CALL US: (888) 440-2468

CALL US: (888) 440-2468

have an annuity question?
have an annuity question?

What to do with your 401(k) when you retire?

Knowing that you can count on a set amount of income to arrive throughout your retirement is a key factor in how – and how well – you will live. In many cases, the largest amount of savings that a retiree has is the funds inside of an employer-sponsored retirement program like a 401(k) – which can be converted into an ongoing cash flow stream. With that in mind, it’s important to know what to do with your 401(k) when you retire.

How to Turn Your Employer-Sponsored Savings Into Lifetime Income in Retirement

While you may be able to count on income from Social Security when you retire, this source is estimated to only replace about 40% of pre-retirement earnings for an average wage earner. So, without an employer pension plan to rely on, where will the remainder of your future income come from? One option is through an annuity – and that annuity may be funded using some or all of the funds that you have in your 401(k) or other similar retirement savings plan. Many retirees will “roll” their 401(k) funds directly into an annuity, where they can then start receiving income right away (from an immediate annuity), or income that starts at a time in the future (via a deferred annuity). If you opt to roll your retirement savings over to an annuity, there are two options that you may have. These include a direct rollover or an indirect rollover – and it is important to know the difference between the two, because the way you move forward could have tax-related consequences, as well as potential penalties.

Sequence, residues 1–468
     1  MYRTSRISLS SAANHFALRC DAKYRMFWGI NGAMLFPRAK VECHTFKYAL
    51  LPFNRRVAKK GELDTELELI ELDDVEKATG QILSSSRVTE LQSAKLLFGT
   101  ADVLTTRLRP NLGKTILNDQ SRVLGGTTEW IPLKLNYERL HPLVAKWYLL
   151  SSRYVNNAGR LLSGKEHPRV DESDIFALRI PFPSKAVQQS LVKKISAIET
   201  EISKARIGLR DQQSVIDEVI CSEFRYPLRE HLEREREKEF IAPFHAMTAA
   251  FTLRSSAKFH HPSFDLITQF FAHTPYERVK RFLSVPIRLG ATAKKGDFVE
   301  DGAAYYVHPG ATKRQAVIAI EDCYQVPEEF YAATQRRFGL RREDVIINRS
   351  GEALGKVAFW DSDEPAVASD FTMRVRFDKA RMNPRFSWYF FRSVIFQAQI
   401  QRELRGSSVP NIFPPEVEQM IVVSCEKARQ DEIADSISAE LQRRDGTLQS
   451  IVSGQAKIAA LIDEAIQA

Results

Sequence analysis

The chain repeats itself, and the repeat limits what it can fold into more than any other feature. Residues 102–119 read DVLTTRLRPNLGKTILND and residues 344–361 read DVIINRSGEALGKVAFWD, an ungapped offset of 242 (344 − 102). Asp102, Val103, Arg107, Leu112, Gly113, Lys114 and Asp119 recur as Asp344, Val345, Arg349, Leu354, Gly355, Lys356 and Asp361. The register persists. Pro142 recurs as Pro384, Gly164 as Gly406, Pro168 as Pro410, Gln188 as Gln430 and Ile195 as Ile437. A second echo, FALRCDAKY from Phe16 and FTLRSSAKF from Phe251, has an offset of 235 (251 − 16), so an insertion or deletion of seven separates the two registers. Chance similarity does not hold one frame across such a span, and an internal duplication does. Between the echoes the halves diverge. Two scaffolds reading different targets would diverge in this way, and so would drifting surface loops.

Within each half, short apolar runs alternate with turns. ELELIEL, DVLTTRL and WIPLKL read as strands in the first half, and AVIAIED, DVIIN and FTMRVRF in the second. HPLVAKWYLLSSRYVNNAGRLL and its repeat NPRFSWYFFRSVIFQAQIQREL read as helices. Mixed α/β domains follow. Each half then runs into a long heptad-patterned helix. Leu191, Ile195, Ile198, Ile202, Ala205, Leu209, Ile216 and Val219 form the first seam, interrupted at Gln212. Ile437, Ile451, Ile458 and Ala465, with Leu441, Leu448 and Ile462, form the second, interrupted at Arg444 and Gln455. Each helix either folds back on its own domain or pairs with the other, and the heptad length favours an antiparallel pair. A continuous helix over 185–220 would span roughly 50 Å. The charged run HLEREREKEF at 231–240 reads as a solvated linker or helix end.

Direct versus Indirect 401(k) Rollover to an Annuity

With a direct rollover, you move the money that you have in your retirement account directly into an annuity. In this case, you never actually take receipt of the funds. Nor does it require you to first “cash out” of the retirement account and then re-invest the money in an annuity. This, in turn, can help you to avoid tax implications and possible penalties. On the other hand, with an indirect roll over, you move money from a qualified plan, such as a 401(k), to a bank. Then, the money is again moved, this time going from the bank into the annuity that you choose. Note that if you have a personal IRA (Individual Retirement Account), these funds may also be rolled over into an annuity and in turn, be converted into a stream of income for you when you retire. Having funds in an annuity can allow you to choose an income stream for a pre-selected period of time, such as 10 or 20 years. Or, you could instead choose to obtain lifetime income from the annuity that will continue to flow in on a regular basis for the remainder of your life, no matter how long that may be!

Are You Ready to Discover the Retirement Income Options that Can Make Your Financial Future Secure?

Rolling over money from a 401(k) plan can have a lot of “moving parts” involved. So, in order to ensure that the process moves along smoothly, it is recommended that you first discuss your options with an annuity specialist. A professional who focuses on annuities can also help you with determining which annuity (if any) is right for you, based on your objectives, risk tolerance, and retirement time frame. At Annuity Gator, our primary mission is to educate consumers on how annuities work, and why they may fit into an overall retirement portfolio. So, if you would like to set up a time to chat with an annuity specialist, please feel free to contact us by phone at (888) 440-2468 or by email through our secure online form. We look forward to assisting you with setting up an income for life in retirement.
What to do with your 401(k) when you retire

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